Well when I investigated this 7-8 years ago I was told "yes, they have to go through a naturalisation ceremony". I'm pretty sure I went in to the Dept of Immigration and asked, of course that's one of the govt offices that National have closed in Dunedin, can't do that any more.

    This web page gives more hope that it's easier - we've been lazy and both kids are about to graduate Uni, they've been here 10 years - now there's a little urgency.

    I'd hoped it was a simple as some computer that watches passports move through airports and totes up the days and applies a check to your citizenship record when it hits whatever the residency requirement for applying for citizenship is. Sadly no.

    Dunedin • Since Nov 2006 • 2622 posts Report Reply

  • Lucy Telfar Barnard, in reply to David Hall,

    I’m am informed about, attached to and invested in New Zealand society – but can’t for now physically live there. I damn well want my right to vote.

    If anyone can present evidence showing that the majority of New Zealand citizens overseas currently denied the right to vote by the 3 year rule do eventually return to New Zealand, I might consider changing my opinion. I’d like to see a chart showing likelihood of return to NZ by years away from NZ. At the point it crosses below (I’ll be generous) 66%, that would be the cutoff for me: if you’ve been away from New Zealand for the length of time after which two-thirds of NZers overseas don’t come back, you’re probably not coming back, so you don’t get to decide what happens here.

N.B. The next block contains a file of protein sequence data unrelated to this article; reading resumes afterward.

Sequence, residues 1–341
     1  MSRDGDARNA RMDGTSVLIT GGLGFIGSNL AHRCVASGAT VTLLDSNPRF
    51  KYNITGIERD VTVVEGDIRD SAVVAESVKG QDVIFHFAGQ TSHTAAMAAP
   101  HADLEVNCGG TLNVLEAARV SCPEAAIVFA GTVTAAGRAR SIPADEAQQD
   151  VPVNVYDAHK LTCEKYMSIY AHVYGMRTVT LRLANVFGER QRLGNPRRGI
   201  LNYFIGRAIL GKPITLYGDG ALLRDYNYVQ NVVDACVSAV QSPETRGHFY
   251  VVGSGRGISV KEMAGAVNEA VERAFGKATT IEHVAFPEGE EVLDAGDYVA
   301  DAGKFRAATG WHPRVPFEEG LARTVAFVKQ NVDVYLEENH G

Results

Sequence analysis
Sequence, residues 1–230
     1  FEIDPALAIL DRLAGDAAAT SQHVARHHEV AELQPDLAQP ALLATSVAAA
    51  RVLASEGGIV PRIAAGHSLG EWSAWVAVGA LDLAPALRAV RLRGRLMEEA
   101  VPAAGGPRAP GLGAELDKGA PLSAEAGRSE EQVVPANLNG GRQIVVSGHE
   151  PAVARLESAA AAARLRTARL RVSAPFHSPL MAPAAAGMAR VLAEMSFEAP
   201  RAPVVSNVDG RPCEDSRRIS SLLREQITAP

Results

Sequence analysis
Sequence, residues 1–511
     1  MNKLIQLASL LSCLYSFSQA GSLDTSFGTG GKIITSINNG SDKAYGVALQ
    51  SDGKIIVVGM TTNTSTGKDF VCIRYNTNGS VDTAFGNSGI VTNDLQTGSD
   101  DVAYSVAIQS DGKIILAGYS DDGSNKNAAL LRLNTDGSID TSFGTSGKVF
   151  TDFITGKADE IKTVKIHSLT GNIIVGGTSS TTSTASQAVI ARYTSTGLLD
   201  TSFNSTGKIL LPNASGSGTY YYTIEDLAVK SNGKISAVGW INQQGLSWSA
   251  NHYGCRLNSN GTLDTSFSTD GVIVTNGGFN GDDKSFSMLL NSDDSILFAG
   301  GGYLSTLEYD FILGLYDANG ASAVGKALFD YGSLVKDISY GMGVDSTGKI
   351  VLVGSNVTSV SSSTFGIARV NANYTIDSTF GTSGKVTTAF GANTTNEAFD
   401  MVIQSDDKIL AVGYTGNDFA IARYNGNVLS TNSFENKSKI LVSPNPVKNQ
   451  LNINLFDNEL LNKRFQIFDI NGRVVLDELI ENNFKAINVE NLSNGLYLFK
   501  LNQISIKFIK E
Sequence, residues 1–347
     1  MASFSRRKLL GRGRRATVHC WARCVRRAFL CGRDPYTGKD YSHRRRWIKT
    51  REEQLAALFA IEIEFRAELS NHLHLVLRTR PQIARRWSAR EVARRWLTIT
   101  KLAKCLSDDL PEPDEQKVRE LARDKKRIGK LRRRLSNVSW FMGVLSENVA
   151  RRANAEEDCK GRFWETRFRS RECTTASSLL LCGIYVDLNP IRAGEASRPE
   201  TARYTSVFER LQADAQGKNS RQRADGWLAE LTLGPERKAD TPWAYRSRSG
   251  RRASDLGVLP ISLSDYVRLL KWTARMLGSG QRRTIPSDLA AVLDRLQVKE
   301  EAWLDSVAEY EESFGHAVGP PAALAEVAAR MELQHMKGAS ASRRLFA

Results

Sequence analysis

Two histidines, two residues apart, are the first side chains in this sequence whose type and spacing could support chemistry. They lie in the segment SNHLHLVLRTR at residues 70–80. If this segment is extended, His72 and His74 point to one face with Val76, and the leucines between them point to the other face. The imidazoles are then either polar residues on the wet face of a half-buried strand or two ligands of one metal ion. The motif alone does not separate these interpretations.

Wellington • Since Nov 2006 • 585 posts Report Reply

  • Paul Campbell,

    Looking in the Way Back Machine (PA wont let me link to the page at archive.org directly, you’ll have to paste it in manually) .....

    It appears that that page didn’t exist prior to about a month ago – the broken links actually worked back then but lead one back to a “how to apply for citizenship” page that has since been replaced.

    The reason or the different age thing (<14, 14-16, >16) seems to likely be part of the general applying for citizenship thing, kids under 16 need their parent’s permission, kids under 14 don't have to meet language and character requirements.